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Vulnerability doesn't come easily to Eve Ensler. Neither does holding back.
The Connelly Theater, on East Fourth, is an elegant old-style off-Broadway house, with gilded proscenium arch, dramatic red curtain, and ample wing space to store enormous set changes.
The more you like being in a crowded teachers' lounge in the middle of Ohio, the more you'll like Miles for Mary.
Something's happened to Peter Kellogg. . . .
Filial guilt may seem a slender thread on which to hang a whole evening. And it turns out, with The Treasurer, that it is. . . .
Sarah Ruhl, who's usually so eager to provoke and bend rules and tease her audience, has gone mostly naturalistic and presentational with her latest.
This one's a find.
Sherlock Holmes hasn't had an easy time of it on the musical stage.
The sad outweighs the funny in Fulfillment Center, at City Center Stage II at Manhattan Theatre Club, but my gosh, there's plenty of both.
Bella: An American Tall Tale wore me down.
It's called Building the Wall, and yes, the wall referred to is That Wall.
Myriad are the pop-culture references in "Shine: A Burlesque Musical." How do you make them hold together? You don't.
The downsizing of the workforce is one of the timeliest subjects around, but it's only given a light dusting over in "P.O.," Scott Klavan's two-hander about a pair of average-Joe postal work…
Vince Santoro's one-man show plays like its raison d'être is that the author had a lot to get off his chest, and this was cheaper than therapy.
"I like you." "Why?" Not a deathless exchange, yet as rendered with multileveled subtext in Gregory Crafts' "Friends Like These," it pierces and resonates.
Playwright Tom MacLachlan knows stagecraft and has imagination, but he hasn't organized them into a coherent theatrical statement.
Anton Chekhov famously referred to his stage works as comedies, a characterization that may puzzle anyone who has ever sat through an uncut "Uncle Vanya."
This 90-minute show involving a time-altering drug feels twice as long. Kudos to Broadway vet Liz McCartney for bringing a note of reality to the fantasy.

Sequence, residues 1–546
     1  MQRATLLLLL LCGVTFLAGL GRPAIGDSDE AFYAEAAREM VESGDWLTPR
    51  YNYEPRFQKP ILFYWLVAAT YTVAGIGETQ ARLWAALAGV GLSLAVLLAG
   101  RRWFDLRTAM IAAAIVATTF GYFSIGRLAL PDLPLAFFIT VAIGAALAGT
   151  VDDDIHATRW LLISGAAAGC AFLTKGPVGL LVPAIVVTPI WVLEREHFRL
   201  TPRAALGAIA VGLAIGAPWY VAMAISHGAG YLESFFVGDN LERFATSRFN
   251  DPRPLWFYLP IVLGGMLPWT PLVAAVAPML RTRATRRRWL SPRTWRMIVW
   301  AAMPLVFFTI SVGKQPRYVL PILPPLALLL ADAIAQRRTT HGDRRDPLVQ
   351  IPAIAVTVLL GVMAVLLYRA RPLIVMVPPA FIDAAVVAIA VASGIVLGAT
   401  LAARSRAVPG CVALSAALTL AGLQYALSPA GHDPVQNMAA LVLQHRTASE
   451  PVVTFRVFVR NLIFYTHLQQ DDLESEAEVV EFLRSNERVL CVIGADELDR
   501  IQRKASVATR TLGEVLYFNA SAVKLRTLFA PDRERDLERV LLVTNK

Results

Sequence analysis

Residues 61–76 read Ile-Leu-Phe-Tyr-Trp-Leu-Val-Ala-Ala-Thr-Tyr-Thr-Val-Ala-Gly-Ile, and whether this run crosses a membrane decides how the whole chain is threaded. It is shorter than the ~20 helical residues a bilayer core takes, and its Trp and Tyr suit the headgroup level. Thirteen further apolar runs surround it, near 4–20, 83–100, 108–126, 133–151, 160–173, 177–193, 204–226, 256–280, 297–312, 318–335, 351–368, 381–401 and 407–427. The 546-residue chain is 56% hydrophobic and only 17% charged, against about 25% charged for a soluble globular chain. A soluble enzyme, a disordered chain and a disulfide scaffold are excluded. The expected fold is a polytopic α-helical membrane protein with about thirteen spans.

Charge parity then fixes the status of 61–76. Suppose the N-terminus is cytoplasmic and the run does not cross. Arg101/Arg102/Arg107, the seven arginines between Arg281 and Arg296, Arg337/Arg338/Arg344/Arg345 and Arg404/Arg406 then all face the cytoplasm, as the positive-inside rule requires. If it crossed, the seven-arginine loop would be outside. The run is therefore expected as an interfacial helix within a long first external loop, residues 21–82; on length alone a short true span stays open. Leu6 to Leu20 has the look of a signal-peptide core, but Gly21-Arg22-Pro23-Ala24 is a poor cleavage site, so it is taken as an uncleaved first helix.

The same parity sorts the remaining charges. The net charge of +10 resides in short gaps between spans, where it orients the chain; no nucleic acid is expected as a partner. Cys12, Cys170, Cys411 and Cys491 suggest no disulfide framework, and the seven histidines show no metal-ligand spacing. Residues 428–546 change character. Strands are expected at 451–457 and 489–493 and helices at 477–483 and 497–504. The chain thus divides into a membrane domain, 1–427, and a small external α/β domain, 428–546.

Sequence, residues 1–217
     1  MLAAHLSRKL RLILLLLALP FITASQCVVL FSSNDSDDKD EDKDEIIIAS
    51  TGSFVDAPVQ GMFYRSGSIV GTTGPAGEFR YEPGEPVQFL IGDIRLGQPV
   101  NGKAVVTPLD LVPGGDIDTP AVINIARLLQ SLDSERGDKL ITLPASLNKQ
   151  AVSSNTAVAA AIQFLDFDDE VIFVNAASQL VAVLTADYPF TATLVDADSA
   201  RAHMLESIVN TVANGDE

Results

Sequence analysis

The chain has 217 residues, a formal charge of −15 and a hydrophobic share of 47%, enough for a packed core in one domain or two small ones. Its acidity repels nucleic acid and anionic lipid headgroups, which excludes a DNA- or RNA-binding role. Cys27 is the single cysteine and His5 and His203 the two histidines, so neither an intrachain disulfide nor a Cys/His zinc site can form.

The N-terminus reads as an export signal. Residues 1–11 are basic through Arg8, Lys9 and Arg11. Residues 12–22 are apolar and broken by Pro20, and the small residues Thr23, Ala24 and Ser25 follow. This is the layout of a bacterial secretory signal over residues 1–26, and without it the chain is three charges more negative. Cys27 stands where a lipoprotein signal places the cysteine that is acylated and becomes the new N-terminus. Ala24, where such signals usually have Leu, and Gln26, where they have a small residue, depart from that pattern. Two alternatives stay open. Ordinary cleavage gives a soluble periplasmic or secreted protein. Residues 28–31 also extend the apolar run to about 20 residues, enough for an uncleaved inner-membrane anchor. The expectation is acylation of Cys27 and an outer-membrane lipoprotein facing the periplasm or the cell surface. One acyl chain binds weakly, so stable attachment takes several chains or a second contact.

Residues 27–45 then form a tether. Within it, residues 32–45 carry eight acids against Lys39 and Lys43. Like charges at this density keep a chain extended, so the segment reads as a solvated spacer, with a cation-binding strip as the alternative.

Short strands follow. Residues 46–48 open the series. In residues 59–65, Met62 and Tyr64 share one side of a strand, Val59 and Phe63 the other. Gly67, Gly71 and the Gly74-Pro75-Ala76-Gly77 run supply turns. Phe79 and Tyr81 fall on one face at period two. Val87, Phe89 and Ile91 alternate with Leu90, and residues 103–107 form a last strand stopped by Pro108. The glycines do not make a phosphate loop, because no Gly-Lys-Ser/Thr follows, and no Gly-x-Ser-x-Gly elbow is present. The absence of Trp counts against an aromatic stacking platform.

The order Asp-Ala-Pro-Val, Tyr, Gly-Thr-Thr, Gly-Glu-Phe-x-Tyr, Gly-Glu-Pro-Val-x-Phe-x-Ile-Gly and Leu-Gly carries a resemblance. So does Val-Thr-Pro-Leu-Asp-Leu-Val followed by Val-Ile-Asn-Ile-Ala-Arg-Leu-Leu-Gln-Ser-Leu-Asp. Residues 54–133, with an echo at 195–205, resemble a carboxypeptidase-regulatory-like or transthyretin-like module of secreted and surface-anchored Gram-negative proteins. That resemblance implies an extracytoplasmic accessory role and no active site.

1950s sensibilities clash with 2010 realities in a weird throwback to backstage musicals, but the three-person cast enchants.
This musical version of the fabled Horatio Algers books is hopelessly old-fashioned—but in a good way.
Despite some juicy roles and histrionic scenes, this trio of interrelated one-acts fails to evoke any big emotions.
Apple Core Theatre Company's production of William M. Hoffman's 1985 play about the AIDS crisis may not be ideal, but it mostly hits the right notes and is genuinely moving.SOURCE: Backstage at 05:58PM
Michael Roberts' high-energy, low-inspiration musical revue boasts a gifted company of four and enough decent yuks to get you past the sand traps.
Radiohole's spoof of Douglas Sirk's film "All That Heaven Allows" plays like a bunch of kids putting on a show in their backyard and feels just a bit redundant.
Rick Crom's material is inconsistent, but a gifted quartet sells it with panache in this often funny topical revue.
Matt Pelfrey's dramatization of novelist Clifford Chase's satire of all things current scores some salient points but undercuts itself by plunging too deeply into absurdity.
How am I going to stretch this out into a full review? There’s so little to say about “How to Be a New Yorker,” the nonmusical revue of New York facts, sketches, and stereo…
"The Great Pie Robbery," Ben Tostado's send-up of 19th-century melodrama in the Fringe, feels belligerent rather than affectionate toward the genre.
Wendy Kesselman's "Spit" and James McLure's "Drive-in Dreams" have modest charms, but Nancy Giles' "The Accidental Pundette" standup routine is hilarious.
"Happily After Tonight," Mateo Moreno's fairy tale mash-up, is crowded with talent and imagination but also coarse, violent, and without purpose.
om Slot's serial-killer drama "Killing Time" is gory and gruesome, but its mild tone is that of a sitcom, and its victims' gallery is mostly good company.